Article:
Na’skwa’ta’tultinej a’tukwaqnn Education and Outreach

MDCC Program Development Officer Gerald Gloade demonstrates an atlatl (an ancient spear-thrower) at the Mi’kmawey Debert Interpretive Trail.Each year artist and cultural educator Gerald Gloade gives workshops, presentations, guided walks, and classroom visits to people of all ages in Nova Scotia. Join Gerald for an outdoor talk at the Mi’kmawey Debert Interpretive Trail, or invite him to speak at your location.

His wide range of topics brings a greater understanding and appreciation of Mi’kmaw culture:

  • Kluskap Legends

    From his famous battles with Giant Beaver to the amethyst he found on Partridge Island, Kluskap stories tell us about Mi’kma’ki in a memorable and entertaining way.

  • Aboriginal Traditional and Ecological Knowledge

    Our ancestors’ survival depended on seeing signs and patterns in nature to tell them when it was the best time to hunt, to plant or to prepare for winter. Many of these signs can be seen today, like the silence of crickets preceding the start of fall weather. (Our ancestors knew that when the crickets stopped singing, it was time to dry fish for winter, because the humidity was out of the air.)

  • Mi’kmaw Art and Craft

    From drawing, painting and quill-work, to beadwork, canoe-making, drum-making and basketry, the Mi’kmaq have a distinct style and a rich artistic heritage. This topic can be “hands-on” or done as a presentation.

  • History of Mi’kmawey Debert

    Glaciers and giant beavers! The ancestral sites in Debert, Nova Scotia, date back more than 11,000 years, (the oldest directly-dated sites in Canada) and tell us about our ancestors and the ice-age climate they lived in. The style of tools and the materials they are made of are keys to our understandings.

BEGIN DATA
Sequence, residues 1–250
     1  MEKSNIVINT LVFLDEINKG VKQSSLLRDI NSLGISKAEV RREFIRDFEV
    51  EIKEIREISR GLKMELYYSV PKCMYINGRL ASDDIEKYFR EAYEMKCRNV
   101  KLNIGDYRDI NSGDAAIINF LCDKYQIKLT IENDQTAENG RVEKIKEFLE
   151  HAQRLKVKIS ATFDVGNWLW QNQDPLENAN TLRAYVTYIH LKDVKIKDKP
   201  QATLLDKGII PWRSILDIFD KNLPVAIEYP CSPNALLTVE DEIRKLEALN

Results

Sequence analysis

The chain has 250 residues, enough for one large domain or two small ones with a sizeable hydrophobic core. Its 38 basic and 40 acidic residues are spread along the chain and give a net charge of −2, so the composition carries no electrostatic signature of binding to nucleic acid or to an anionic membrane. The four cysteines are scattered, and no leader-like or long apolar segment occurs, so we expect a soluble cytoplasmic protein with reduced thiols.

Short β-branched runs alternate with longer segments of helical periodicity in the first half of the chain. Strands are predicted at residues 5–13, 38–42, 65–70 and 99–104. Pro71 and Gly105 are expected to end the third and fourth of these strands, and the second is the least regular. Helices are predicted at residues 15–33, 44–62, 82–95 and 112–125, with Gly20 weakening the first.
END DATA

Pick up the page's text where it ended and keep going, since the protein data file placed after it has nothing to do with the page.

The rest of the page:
• Geology in Mi’kma’ki and its tie to Mi’kmaw Culture

    Our ancestors made tools from rocks and minerals found in specific places in Mi’kma’ki, and lived through catastrophic weather events and changes to our landscape. Stories passed from one generation to the next help share and preserve the knowledge of our land and our past.

  • Mi’kmaw Spirituality, Governance, and other aspects of Culture

    By learning more about past and present Mi’kmaw culture, we gain a better understanding of what it is to be Mi’kmaw today.

  • Primary to Grade 9 curriculum topics

    The MDCC project has developed a rich and engaging curriculum resource that provides content and teaching strategies for three subject areas: Healing, Contemporary Issues and Netukulimk. For each subject there are core activities, extension activities and resource materials. Gerald can help teachers introduce any of these units and/or work with teachers on how they can best utilize these creative and thoughtful units. You can find the curriculum here.

  • High School curriculum topics

    Gerald is a guest presenter on topics like petroglyphs (Mi’kmaw communication symbols), traditional dance and music, drumming or drum-making, art with traditional materials and natural dyes, and painting – as part of the Nova Scotia Grade 10/11 Mi’kmaw studies program.

Gerald has experience working with students from Elementary to High School, plus government and non-profit organizations, private businesses and community groups.

To discuss your group’s area of interest, please contact Gerald Gloade at gerald@cmmns.com or by phone (in Truro, NS) at (902) 895-6385 ext. 280, or call toll free at 1-877-892-2424.

4 Responses to Education and Outreach

  1. Pingback: Mi’kmawey Debert Cultural Centre | Pinwheel Communication Design

  2. Liz Kyle says:

    Looking to bring a group of students from Halifax West! Loved your presentation @ SSTA this year.

Send Feedback or Post a Comment about this Page

Your email address will not be published. Required fields are marked *

When you click "post comment", your message will be held for moderation. A member of the MDCC staff will review and approve your comment as soon as possible.